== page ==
A(t) = Amount after t years (note  interest rate must be entered as, for example, .06, not 6%) Compound interestCompound interest, previously called anatocism, is interest which is regularly added to the debt (compounded). Interest is then calculated not only over the principal, but also over the interest that has been added to the debt beforein other words, it is calculated over the total amount owed. With compound interest, the frequency of compounding influences the total amount of interest paid over the life of the loan. The amount function for compound interest is an exponential function in terms of time. n = Number of compounding periods per year (note that the total number of compounding periods is ) If the American Indian tribu that accepted goods worth 60 guilders for the sale of Manhattan in 1626 had invested the money in a Dutch bank at 6 1/2 % interest, compounded annually, their investment would today (2005) be worth over € 700 billion (around US$ 820 billion), more than the assessed value of the real estate in all five boroughs of New York City. Compound interest is the worst kind of usury, and has been severely condemned by the Roman law, as well as the common laws of most other countries. [1] Types of interest rate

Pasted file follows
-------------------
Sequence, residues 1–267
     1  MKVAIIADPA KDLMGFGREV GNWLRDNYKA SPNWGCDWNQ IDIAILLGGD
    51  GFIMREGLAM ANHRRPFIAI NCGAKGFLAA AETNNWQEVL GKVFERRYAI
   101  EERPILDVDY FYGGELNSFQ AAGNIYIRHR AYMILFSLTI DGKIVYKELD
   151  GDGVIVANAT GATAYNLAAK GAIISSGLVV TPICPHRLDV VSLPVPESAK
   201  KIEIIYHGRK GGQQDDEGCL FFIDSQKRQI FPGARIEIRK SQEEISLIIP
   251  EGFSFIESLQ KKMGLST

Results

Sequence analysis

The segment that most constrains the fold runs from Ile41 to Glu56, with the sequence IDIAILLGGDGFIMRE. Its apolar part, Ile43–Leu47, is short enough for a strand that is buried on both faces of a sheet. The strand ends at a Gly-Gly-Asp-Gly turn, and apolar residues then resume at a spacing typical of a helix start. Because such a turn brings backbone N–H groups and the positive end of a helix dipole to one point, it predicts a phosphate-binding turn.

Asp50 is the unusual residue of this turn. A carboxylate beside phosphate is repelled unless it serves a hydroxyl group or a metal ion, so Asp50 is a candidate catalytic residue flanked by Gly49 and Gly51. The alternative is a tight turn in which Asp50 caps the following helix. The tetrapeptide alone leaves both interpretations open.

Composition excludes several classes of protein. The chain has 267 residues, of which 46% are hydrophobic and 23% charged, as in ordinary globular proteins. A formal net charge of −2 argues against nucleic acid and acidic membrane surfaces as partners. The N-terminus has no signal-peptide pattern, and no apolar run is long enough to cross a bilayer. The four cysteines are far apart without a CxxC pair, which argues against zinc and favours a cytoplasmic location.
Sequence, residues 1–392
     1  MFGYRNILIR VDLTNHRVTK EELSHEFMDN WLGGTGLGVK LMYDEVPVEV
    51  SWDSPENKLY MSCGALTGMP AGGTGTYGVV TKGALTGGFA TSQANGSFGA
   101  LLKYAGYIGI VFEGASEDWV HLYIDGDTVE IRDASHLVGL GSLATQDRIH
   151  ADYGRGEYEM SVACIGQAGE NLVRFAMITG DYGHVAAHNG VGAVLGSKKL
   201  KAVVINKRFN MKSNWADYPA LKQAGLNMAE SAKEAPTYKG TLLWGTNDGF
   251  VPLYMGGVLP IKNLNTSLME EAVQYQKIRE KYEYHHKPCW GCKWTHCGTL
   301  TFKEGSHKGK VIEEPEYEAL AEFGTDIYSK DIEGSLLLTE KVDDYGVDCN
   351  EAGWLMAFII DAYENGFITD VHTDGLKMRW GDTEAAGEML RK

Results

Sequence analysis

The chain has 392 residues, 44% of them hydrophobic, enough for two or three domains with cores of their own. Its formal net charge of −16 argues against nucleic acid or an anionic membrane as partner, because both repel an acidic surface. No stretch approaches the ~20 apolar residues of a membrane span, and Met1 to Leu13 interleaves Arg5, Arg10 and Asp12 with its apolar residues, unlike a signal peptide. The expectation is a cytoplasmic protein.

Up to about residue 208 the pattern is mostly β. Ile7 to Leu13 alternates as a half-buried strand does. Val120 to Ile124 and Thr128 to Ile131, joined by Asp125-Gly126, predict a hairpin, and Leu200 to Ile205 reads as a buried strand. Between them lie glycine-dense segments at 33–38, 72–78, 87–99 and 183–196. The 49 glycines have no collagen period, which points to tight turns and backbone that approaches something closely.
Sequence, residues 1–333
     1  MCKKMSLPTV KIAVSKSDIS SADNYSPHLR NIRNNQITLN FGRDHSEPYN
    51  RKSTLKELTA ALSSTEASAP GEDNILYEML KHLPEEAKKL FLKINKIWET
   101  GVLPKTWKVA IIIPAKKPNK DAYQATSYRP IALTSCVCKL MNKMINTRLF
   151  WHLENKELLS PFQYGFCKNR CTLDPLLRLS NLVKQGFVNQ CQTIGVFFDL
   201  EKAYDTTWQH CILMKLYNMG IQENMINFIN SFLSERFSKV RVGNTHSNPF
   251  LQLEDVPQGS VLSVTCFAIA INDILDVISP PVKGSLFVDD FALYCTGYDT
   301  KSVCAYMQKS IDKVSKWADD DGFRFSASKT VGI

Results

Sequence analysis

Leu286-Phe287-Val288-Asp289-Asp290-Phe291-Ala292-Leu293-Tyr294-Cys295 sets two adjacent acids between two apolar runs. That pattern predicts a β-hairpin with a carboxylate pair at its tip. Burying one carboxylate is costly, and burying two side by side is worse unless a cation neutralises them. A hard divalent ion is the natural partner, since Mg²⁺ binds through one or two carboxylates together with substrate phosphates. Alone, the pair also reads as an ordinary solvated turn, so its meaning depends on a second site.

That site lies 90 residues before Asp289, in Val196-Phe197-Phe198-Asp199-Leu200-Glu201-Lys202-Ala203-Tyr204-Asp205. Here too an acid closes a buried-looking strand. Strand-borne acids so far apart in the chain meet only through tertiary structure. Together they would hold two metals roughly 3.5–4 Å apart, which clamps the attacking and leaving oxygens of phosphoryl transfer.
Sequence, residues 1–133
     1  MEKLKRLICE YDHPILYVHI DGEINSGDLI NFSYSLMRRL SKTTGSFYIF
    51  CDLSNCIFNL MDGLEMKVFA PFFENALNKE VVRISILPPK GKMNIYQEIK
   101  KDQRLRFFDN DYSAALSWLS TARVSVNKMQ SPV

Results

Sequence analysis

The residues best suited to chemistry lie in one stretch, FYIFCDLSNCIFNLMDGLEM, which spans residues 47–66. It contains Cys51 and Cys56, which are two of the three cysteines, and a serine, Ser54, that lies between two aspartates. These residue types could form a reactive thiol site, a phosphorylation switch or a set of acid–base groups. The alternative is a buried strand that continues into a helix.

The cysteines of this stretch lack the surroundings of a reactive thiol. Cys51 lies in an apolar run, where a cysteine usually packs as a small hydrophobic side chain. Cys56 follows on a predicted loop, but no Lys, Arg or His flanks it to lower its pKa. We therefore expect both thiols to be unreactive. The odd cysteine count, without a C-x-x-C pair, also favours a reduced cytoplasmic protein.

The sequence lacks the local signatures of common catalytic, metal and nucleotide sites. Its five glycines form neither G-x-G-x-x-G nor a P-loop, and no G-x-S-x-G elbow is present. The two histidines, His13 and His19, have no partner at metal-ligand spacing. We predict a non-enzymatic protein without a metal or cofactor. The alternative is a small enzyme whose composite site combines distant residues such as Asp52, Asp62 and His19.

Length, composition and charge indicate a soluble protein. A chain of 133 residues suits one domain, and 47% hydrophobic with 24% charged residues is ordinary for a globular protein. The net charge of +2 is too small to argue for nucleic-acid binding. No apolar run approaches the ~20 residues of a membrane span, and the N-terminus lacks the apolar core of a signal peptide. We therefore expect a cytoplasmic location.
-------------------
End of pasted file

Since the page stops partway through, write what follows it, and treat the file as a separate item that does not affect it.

Interest rates can be divided into two types: It is common for firms to swap between the two types of interest rate. These contractual agreements are derivatives called interest rate swaps. GAAP provides guidelines for some of these kinds of changes. Analysis of interestrate risksInterest involves the future, which is uncertain. Some interest bearing investments are riskier than others are. The greater the risk of the security, the more interest the investors will expect to receive.